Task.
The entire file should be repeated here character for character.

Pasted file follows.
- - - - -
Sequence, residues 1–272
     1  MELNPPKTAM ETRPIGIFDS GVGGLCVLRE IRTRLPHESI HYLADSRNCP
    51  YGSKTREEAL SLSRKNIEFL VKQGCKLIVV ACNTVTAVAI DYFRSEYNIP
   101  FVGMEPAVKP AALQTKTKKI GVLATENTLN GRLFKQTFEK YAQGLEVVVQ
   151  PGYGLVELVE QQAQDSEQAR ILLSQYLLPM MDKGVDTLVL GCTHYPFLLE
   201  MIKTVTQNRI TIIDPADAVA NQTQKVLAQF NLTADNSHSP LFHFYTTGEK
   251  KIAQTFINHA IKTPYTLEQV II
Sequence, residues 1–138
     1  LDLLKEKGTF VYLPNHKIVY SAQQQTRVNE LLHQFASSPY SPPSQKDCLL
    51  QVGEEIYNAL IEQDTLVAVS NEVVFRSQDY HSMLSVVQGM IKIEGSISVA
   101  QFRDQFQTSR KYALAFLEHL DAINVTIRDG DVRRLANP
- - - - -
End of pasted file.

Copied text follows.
Sequence, residues 1–272
     1  MELNPPKTAM ETRPIGIFDS GVGGLCVLRE IRTRLPHESI HYLADSRNCP
    51  YGSKTREEAL SLSRKNIEFL VKQGCKLIVV ACNTVTAVAI DYFRSEYNIP
   101  FVGMEPAVKP AALQTKTKKI GVLATENTLN GRLFKQTFEK YAQGLEVVVQ
   151  PGYGLVELVE QQAQDSEQAR ILLSQYLLPM MDKGVDTLVL GCTHYPFLLE
   201  MIKTVTQNRI TIIDPADAVA NQTQKVLAQF NLTADNSHSP LFHFYTTGEK
   251  KIAQTFINHA IKTPYTLEQV II
Sequence, residues 1–138
     1  LDLLKEKGTF VYLPNHKIVY SAQQQTRVNE LLHQFASSPY SPPSQKDCLL
    51  QVGEEIYNAL IEQDTLVAVS NEVVFRSQDY HSMLSVVQGM IKIEGSISVA
   101  QFRDQFQTSR KYALAFLEHL DAINVTIRDG DVRRLANP